There are a ton of variables at play when it comes to at-home guitar recording. The whole process is a combination of many elements, so if you’re struggling with how to record electric guitar with the best results, you’re definitely not alone.
Fundamentally, a great guitar recording requires the right tone—and tone requires taste. If you haven’t yet developed an ear for good tone, then your sound may not translate well on a recording.
If you’ve been playing guitar for a long time, however, there’s a good chance you’ve established a tone you like. The next step is being able to take that sound—which you’ve probably only heard in the room where you play—and recreate it on a recording.
Recording electric guitar at home necessitates compromise.
Most of us are limited with what we can do in our home studios; this means that we’ll be making sacrifices along the way to a great guitar recording.
Obstacle #1: Volume
Can you really dime your 100-watt tube amp at home? Most of us don’t have an isolation booth that can handle the insane volume it takes to get an amp to really shine.
A way around this is to build or purchase an isolation cabinet, which is a soundproof box loaded with a speaker of the guitarist’s choice. A microphone can be suspended inside the cabinet to capture the output for recording. Iso cabs can be pricey, but if you’re willing to make the investment you’ll spare you and your neighbors a heck of a lot of problems.
Lots of newer tube heads are built with a direct out you can take straight to your interface for recording. Coupled with a cabinet IR, you can get your amp’s tone you love at a reasonable, or silent, level.
Another option is using an attenuator with your amplifier. An attenuator will let you crank your master volume to cook the tubes while keeping overall levels low.
The other alternative, of course, is using amp sims. Hardware like the Kemper profiler or Axe-FX are fantastic for recording because you can take their output straight to your DAW and monitor through your headphones or speakers without excessive volume being an issue. Logic Pro X even comes with a stock amp designer which is capable of incredible tones, and there are a million incredible sounding plugins out there specifically designed for affordability, quality tone, and ease-of-use.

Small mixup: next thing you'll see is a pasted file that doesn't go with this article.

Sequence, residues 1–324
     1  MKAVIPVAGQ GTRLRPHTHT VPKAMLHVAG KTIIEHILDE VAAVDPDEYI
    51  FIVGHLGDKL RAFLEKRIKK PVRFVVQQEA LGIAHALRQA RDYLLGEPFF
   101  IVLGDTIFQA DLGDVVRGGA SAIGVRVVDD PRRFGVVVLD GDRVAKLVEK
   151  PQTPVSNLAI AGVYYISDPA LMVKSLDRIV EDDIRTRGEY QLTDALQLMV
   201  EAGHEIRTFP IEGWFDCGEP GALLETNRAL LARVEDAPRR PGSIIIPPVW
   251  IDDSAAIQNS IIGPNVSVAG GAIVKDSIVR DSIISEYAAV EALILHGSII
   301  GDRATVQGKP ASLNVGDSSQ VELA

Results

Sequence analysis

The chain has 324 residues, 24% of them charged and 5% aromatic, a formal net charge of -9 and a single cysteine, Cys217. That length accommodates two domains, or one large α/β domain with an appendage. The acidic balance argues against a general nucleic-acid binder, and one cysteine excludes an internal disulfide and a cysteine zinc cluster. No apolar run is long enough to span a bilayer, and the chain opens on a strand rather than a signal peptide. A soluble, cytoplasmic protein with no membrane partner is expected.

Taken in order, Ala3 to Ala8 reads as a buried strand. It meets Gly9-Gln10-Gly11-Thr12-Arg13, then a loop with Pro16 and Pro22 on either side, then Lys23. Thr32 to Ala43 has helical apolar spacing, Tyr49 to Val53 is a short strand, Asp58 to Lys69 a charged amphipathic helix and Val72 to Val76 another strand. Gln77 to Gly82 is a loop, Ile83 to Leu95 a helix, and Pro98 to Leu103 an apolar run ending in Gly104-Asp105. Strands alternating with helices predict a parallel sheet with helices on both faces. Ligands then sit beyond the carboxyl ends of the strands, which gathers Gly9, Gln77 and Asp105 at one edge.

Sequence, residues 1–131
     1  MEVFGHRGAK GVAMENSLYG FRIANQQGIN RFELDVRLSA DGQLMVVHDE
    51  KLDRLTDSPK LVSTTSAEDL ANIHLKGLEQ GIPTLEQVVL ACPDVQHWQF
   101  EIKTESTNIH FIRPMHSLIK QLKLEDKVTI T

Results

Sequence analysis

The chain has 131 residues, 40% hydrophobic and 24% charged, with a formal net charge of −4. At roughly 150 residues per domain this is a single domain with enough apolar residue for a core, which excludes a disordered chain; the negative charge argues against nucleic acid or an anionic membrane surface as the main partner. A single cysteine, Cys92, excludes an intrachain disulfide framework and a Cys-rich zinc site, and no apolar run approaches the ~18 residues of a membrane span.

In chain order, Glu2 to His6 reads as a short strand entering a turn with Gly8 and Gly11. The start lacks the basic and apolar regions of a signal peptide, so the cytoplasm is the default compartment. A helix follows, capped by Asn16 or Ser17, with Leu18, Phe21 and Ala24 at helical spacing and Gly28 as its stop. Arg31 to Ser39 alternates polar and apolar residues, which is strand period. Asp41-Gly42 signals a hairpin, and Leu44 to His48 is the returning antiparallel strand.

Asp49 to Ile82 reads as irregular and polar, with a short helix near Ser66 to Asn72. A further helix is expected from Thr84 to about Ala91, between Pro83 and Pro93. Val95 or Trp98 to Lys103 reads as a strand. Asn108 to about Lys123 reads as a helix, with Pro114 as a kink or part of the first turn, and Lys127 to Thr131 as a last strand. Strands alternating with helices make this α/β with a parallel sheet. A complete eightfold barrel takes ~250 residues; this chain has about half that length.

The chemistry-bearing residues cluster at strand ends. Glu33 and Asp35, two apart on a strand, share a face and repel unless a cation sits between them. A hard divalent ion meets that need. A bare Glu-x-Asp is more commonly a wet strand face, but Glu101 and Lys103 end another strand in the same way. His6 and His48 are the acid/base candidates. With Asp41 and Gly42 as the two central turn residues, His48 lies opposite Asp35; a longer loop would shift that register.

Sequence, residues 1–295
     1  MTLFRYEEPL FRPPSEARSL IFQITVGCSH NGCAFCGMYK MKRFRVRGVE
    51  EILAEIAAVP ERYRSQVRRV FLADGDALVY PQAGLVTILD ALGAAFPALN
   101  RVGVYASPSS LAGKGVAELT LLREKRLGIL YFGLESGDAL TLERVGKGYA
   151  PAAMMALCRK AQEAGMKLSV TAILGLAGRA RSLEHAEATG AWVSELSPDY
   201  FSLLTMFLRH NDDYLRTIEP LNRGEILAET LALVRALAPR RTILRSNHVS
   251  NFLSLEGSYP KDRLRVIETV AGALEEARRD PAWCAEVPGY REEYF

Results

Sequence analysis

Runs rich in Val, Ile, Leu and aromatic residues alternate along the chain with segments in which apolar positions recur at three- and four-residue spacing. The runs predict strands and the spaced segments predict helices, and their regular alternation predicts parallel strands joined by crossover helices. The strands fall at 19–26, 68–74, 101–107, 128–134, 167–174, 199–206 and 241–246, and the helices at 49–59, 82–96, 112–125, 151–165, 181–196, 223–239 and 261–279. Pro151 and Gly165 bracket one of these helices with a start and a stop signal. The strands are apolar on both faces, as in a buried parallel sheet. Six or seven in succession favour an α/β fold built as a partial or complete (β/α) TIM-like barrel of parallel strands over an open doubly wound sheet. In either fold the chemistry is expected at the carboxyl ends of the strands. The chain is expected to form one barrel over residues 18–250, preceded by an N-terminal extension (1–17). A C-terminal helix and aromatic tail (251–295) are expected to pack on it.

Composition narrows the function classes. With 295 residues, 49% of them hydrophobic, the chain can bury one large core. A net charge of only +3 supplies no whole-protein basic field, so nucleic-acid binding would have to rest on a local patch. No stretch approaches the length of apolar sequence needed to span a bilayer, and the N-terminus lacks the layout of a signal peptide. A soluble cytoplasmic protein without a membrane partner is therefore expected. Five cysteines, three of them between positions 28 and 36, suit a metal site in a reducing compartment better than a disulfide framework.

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Obstacle #2: Budget
Let’s assume for a second that maybe you don’t have your holy grail tone established. You’d love to record guitar at home, but your practice amp simply doesn’t sound that great. Amps, cabinets, pedals, and guitars aren’t cheap!
Getting It Done on a Budget
You can make an affordable guitar play and sound fantastic by having it properly set up. From the factory, most lower end guitars are pretty poorly set up, so they’re hard to play and don’t sound their best. Maintenance is one of first things to consider before recording electric guitar—new strings, proper intonation, etc.
Another affordable upgrade to a budget guitar is swapping the pickups. Pickups are basically microphones, and they’re the first transducer in the entire signal path! Getting a great set of pickups will help your tone tremendously.
Finally, amp sim plugins are your best friend if you’re on a budget. Rather than spending $3000 on an amp and cab rig, you can spend a couple hundred on a plugin. This will also save you from the volume issue previously mentioned.
How to Record Electric Guitar
With an Amplifier and Cabinet
If you do have the option of recording traditionally through an amp, you’ll need to have some basic miking skills. Firstly, the SM57 is a longtime industry standard on guitar amps/cabinets. It’s also very affordable and virtually indestructible. Dynamic mics are preferable on guitar amps because they can withstand high SPL. Plus, you don’t need all the high end detail that a condenser mic would capture on an electric guitar.
If there’s more than one, you can start by selecting the best sounding speaker in your cabinet. It’s best to try each of them out and pick your favorite for the final recording.
Shine a flashlight in your cabinet to find the cone, and place the microphone slightly to one side of the center of the speaker cone. This is common placement, but you can experiment with what sounds best to you! Most of the time, putting the mic directly in the center of the cone will give you a brighter, more aggressive sound, while moving it slightly to the side of center darkens and balances the tone out. Mic technique is a fundamental part of knowing how to record electric guitar; it can drastically change the whole sound, so don’t be afraid to experiment!